Research highlights that young homeless people in Dublin are more likely to remain on the street as adults.

Doctor Paula Mayock and Doctor Eoin O'Sullivan from the Children’s Research Centre in Trinity College Dublin (TCD) have spent the last three years documenting the lives of forty young homeless people in Dublin.

Their findings have been published in a book 'Lives in Crisis – Homeless Young People in Dublin’ which was launched this evening in TCD. Young people exiting the children’s system at the age of eighteen are struggling, explains Doctor Mayock,

They encounter a great number of challenges in finding services to meet their needs.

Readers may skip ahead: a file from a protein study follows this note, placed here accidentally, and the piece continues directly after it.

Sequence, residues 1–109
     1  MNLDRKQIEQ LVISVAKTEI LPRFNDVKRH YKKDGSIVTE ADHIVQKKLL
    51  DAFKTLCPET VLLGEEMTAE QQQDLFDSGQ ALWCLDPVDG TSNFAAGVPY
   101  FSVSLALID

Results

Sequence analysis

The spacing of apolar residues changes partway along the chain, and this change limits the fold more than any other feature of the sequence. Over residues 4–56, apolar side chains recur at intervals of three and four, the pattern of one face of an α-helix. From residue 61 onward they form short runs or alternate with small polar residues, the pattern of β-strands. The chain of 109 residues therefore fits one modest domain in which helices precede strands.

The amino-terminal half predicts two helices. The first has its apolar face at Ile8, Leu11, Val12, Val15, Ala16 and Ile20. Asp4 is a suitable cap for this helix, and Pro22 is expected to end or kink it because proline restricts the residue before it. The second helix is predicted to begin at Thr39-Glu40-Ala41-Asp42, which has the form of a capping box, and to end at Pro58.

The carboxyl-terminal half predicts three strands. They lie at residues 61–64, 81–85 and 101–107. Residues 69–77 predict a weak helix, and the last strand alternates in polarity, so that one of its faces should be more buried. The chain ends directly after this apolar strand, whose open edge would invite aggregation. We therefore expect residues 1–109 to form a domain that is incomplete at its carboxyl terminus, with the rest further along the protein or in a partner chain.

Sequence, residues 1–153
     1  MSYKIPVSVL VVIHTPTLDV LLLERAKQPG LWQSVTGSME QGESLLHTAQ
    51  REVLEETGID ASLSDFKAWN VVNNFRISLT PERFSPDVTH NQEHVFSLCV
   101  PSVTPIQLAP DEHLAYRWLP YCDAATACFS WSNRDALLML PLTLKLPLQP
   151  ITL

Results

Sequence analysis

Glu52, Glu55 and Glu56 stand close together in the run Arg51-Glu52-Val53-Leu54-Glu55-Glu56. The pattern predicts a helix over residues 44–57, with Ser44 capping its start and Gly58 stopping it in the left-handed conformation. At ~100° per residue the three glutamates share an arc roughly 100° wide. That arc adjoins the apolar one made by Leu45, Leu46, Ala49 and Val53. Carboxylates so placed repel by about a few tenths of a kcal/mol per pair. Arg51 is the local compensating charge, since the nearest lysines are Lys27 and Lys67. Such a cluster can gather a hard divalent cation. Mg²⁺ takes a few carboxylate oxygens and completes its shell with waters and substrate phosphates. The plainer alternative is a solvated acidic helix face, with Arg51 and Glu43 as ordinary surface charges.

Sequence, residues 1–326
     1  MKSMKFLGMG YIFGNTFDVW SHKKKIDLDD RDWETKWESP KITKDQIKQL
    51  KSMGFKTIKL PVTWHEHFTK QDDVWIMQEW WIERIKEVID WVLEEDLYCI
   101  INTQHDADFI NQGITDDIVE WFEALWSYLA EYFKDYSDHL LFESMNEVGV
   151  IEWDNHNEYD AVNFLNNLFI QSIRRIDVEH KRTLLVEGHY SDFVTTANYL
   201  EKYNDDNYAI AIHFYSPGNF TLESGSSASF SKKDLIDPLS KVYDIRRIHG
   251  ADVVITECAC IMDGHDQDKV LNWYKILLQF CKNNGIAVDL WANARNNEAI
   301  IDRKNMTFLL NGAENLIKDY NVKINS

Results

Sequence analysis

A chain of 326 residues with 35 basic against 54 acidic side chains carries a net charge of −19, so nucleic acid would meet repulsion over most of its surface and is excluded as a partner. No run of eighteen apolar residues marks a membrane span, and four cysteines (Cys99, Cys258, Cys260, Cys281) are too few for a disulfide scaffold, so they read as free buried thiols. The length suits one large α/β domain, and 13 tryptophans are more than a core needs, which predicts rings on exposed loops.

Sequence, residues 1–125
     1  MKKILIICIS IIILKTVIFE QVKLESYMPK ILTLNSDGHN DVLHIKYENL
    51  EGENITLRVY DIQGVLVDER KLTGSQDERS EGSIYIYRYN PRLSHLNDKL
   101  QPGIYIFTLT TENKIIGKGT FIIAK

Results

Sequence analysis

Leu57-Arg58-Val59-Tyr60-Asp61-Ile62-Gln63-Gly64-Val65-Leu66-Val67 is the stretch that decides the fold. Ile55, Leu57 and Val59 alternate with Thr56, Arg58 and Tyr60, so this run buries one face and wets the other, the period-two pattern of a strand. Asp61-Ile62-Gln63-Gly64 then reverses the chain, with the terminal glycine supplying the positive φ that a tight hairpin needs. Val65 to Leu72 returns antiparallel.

Sylda Langford at the Office of the Minister for Children acknowledged that this is a problem,

They’re over eighteen, there’s no longer the same statutory obligation.

The study identifies three broad pathways to homelessness. Young people with a history of state care and high levels of family instability and conflict are most at risk. Staying out late, taking drink and drugs and getting into trouble at school also had an impact.

Homeless campaigner Father Peter McVerry explains that people who find themselves without a home require levels of services that at present do not exist.

The support we offer to them is not intensive enough.

The Office of the Minister for Children says it intends to improve matters for young homeless people by the time the second phase of this report is published. Phase two is due to be complete in four months.

An RTÉ News report broadcast on 22 November 2007. The reporter is Ailbhe Conneely.